It started with a feeling in the belly button, a pull from my phantom umbilical cord I had forgotten about so long ago. My heart ached for it, wanted to go to be at rest in the snow and the dark and the swirling dust sparkling from the skies. Perhaps a rare glimpse into a real kind of nomadism, still linked with the soil and the wood and the bone of the land, something with more sustenance than the city-skirting slip-space wandering of so many years searching for something tangible to feed that hungry spot, ancient. Perhaps to dissolve into the colors and shapes and stories of the imaginerium of Christmas - to touch the roots of the now empty, warped shell of one of the most blindly celebrated holidays in my own culture, in order to understand where the elves and the reindeer and the pointy shoes really come from. Perhaps to look into eyes blue and hair blonde and see the kinship of being native to a place - native to a homeland whose bounty you tend and protect and fight for. To answer the ponderings of whether Aryans are capable of tending and loving the wild rather than destroying it.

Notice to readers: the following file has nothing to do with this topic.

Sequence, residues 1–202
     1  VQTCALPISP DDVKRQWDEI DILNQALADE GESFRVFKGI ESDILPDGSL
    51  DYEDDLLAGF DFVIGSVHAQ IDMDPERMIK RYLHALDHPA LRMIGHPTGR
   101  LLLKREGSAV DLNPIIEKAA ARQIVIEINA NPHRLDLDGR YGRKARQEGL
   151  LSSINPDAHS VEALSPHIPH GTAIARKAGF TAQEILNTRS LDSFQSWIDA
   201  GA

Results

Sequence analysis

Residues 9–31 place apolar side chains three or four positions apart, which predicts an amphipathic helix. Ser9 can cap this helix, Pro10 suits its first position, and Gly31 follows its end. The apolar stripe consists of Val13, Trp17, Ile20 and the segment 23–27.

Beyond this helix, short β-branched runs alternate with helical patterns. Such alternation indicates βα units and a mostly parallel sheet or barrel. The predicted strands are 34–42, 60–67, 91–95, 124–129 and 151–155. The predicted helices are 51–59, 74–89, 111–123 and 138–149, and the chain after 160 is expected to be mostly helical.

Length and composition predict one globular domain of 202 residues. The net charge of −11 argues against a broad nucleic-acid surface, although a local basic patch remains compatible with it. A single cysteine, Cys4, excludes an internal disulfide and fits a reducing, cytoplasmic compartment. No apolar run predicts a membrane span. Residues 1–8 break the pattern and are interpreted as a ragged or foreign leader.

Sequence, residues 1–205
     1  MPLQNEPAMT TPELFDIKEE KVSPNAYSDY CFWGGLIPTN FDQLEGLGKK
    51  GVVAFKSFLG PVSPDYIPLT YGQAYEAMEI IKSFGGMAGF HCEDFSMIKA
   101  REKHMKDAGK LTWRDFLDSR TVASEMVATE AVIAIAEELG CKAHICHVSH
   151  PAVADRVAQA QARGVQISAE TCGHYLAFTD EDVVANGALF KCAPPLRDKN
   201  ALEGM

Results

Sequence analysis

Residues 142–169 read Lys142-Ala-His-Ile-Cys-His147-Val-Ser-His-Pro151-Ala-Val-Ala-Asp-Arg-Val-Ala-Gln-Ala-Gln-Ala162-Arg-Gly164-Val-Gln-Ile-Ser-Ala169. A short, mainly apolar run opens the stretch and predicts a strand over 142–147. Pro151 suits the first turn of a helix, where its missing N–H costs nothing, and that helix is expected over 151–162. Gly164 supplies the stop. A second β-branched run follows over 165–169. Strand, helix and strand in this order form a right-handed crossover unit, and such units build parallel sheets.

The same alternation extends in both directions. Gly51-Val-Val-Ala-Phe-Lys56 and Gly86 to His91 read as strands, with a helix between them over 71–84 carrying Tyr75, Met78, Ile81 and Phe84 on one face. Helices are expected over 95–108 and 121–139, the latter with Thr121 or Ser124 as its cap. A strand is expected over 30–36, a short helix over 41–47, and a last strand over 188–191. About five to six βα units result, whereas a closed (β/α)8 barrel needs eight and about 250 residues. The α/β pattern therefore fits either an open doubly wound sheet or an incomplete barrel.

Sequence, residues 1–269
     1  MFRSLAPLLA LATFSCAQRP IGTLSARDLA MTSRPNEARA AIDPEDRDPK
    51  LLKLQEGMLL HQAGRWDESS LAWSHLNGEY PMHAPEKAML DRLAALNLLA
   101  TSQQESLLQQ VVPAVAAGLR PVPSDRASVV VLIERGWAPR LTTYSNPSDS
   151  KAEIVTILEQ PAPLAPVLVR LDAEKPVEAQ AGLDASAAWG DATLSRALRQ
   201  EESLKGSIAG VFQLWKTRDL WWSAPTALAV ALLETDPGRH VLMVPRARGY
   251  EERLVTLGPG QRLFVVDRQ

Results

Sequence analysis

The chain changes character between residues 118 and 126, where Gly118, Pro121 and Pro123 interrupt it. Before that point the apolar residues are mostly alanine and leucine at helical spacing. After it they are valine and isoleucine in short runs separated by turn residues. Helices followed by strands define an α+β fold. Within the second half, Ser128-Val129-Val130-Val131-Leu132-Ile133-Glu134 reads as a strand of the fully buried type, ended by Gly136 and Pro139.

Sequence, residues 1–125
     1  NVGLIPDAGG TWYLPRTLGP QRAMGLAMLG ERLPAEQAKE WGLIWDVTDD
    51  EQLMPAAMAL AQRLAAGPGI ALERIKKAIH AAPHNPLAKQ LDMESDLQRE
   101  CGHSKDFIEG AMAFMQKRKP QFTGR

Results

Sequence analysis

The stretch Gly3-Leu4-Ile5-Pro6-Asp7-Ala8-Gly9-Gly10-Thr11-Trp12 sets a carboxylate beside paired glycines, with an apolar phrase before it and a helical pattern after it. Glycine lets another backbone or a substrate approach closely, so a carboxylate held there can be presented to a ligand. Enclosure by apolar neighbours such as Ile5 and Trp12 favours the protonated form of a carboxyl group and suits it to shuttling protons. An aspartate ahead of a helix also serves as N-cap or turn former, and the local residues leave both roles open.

To feel the cold in my bones and feel the cold in my ancestor's homes.
An 18 hour train ride to from Stockholm in the south headed north along the coast through snow and trees, sprinkled with lonely red barnhouses.
We were destined for JokkMokk, in the very most northern municipality of Sweden, in the arctic circle.
And damn it felt good to be walking the world again.